Organic Grub ControlWhen dealing with grubs, you should first determine if they are really causing a problem. Pull up a 1 ft. square section of sod and turn over the soil below. If you see more than 4 or 5 grubs, then you may have a problem; any less than that is not enough to worry about.

If you’re in the trouble range you should do a few things:

  1. Try using beneficial nematodes. These are basically microscopic parasites that kill grubs very quickly. Nematode solutions these days are VERY targeted. In other words, they will NOT harm anything other than the grubs. Not you, not your children, not your pets and not other, potentially beneficial, insects/organisms. There are actually nematode solutions that are targeted to other insects as well, so if you’re having some other insect problem in your lawn, you might check into this.

    Scanmask is said to deal with over 230 different “bugs”, so it’s great for gardens where you’re trying to control bug pests that will eat you plants and produce. You can get it from numerous suppliers, but I like Amazon.com.

  2. To stop grubs from popping up next year, get the beetles this year. You might try walking the yard in the early morning and collecting as many beetles as you can. If there is a large population, an early morning application of rotenone might be called for.
  3. Plant trees and shrubs to create a natural habitat for grub predators such as birds. This will help eliminate the need for steps one and two in the future.
  4. Try a product called Milky Spore. It is actually a disease that affects ONLY Japanese Beetle grubs. The more grubs there are, the faster it spreads. When all the grubs are dead, it lies dormant in the soil until a new crop pops up. Any new grub infestations that develop are dealt with quickly by this disease. This is a long-term solution that can last up to 20 years. However, it can also take a few years to reach full effectiveness, so it normally must be used in conjunction with the above methods in the beginning.

How About Moles?

Moles and grubs go somewhat hand in hand. Therefore, sometimes getting rid of the grubs will eventually end your mole problem. Keep in mind, however, that more recently it is being said that earthworms are also a major food source for moles. Thus, in lawns with very good soil (and, hence, many earthworms), getting rid of the grubs may not do the trick, and you certainly don’t want to try to rid yourself of those precious earthworms.

As a result, you may want to try a particular castor oil remedy if the little buggers are making a mess of your lawn. It is said that a mixture of three parts castor oil to one part dish detergent can push the moles out of your lawn. They get the mixture on their fur, an when they attempt to lick it off it gets into their digestive system and kills them. Mix about 4 tablespoons of the mixture with a gallon of water. Spray the solution into all of the entrances to mole tunnels. You might also want to put one of these other home remedies in all of the entrances you can find: used cat litter, dog manure, human hair or bubble gum.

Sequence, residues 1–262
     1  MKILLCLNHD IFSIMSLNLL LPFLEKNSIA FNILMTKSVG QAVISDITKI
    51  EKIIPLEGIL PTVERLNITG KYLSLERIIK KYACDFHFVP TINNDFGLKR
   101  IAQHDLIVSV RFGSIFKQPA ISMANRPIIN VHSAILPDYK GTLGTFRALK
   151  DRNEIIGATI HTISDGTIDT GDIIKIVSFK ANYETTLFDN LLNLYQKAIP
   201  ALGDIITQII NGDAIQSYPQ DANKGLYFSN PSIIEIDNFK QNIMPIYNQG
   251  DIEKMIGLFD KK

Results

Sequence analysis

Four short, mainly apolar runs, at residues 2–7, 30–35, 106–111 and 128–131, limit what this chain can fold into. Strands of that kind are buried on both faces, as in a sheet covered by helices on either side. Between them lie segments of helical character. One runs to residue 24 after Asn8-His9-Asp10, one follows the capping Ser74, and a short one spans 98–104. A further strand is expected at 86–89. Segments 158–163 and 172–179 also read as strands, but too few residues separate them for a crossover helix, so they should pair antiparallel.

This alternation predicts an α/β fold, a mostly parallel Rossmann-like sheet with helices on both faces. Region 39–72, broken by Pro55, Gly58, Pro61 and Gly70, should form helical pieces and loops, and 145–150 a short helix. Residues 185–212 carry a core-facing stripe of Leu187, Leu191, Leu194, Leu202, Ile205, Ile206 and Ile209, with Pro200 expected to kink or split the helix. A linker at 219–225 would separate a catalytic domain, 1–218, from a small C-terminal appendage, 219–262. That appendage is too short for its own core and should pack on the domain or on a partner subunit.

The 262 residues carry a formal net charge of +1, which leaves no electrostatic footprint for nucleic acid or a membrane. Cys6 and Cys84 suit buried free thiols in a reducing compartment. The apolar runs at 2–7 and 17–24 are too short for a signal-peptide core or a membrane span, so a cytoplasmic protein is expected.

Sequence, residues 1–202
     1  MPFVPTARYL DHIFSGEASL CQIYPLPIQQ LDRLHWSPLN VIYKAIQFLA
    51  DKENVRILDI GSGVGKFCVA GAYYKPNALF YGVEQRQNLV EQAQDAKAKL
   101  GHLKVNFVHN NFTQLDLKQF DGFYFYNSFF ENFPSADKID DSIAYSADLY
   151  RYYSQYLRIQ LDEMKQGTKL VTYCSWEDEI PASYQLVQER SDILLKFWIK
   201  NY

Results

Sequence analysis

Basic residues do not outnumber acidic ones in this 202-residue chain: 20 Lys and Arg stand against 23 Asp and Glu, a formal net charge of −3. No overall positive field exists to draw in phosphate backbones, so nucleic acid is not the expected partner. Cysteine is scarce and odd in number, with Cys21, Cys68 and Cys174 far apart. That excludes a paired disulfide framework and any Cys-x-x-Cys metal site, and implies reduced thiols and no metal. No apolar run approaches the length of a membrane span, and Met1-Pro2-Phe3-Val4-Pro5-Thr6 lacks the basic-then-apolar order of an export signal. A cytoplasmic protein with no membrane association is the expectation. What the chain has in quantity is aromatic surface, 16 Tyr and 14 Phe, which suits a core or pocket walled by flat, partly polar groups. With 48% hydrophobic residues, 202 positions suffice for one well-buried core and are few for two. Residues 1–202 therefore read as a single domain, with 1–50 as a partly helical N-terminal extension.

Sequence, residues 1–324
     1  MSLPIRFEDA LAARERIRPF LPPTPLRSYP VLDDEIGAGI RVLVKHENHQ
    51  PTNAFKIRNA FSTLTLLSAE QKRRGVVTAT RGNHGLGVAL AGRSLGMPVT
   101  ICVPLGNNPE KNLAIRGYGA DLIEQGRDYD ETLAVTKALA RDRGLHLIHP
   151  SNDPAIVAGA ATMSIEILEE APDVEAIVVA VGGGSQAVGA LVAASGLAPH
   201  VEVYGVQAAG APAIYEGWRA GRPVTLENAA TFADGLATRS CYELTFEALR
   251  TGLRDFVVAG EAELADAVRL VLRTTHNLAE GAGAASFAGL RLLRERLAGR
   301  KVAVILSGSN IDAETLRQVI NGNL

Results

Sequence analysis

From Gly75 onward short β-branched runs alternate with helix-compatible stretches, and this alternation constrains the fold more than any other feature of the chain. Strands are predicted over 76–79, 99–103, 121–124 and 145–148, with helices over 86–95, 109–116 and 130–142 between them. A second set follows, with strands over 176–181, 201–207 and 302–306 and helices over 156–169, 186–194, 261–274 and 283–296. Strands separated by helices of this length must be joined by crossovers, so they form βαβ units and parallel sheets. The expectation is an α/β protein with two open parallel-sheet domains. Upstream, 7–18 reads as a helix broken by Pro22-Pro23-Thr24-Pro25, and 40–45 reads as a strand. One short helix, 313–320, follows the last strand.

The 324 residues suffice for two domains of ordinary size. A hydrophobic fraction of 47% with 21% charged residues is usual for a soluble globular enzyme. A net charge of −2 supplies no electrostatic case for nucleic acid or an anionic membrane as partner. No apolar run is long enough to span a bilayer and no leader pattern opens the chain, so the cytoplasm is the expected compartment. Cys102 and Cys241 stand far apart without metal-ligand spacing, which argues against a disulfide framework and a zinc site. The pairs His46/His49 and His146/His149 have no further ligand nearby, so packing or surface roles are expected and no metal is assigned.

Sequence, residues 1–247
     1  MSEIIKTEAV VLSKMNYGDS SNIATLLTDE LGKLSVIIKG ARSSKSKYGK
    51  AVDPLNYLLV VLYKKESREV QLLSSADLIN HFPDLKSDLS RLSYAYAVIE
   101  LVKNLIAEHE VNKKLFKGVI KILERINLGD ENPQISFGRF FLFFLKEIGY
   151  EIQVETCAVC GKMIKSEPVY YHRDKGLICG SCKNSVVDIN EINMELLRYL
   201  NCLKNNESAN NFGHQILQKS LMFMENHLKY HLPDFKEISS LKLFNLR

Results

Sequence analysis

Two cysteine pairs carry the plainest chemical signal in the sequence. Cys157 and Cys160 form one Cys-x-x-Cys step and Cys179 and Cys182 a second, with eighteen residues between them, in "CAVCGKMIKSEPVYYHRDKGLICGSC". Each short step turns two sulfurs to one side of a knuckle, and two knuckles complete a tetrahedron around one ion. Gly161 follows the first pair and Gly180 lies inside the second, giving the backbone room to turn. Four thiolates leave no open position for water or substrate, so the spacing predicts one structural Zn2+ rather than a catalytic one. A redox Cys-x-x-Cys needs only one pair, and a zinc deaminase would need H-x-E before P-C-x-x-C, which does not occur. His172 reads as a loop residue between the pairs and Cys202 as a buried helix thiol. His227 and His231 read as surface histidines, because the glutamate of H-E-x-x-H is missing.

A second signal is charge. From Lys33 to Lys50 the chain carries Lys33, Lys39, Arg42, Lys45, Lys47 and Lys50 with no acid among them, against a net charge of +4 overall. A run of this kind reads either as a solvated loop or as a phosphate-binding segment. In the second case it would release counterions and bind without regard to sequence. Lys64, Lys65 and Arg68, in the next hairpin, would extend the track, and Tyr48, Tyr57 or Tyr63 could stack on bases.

Traps Still Work Best

For those that aren’t squeamish about using traps, these are still the most effective way to take care of a mole problem. Depending upon how many you’ve got and how diligent you are about checking the traps and resetting them, it could take a few weeks to get ‘em all, but they work. I can attest to that myself.

The trap I’ve used, which seems to have been very effective is this Around the Home Metal Mole Trap (or a very similar model anyway). I didn’t purchase it on Amazon, but at a local hardware. I think the Amazon price is better than what I paid. The Amazon reviews are all very positive.

However, another trap that has more reviews, and virtually all positive, is the Cinch Mole Trap Kit. I don’t have any experience with this particular trap, but the description says they’ve been making them since 1909. Only two negative reviews with all the rest extremely positive. I’m guessing that this trap would likely work very well for you, but, if it doesn’t, at least Amazon is REALLY good about returns. I never hesitate to purchase an item from them because I know they will always take the return if I don’t like it.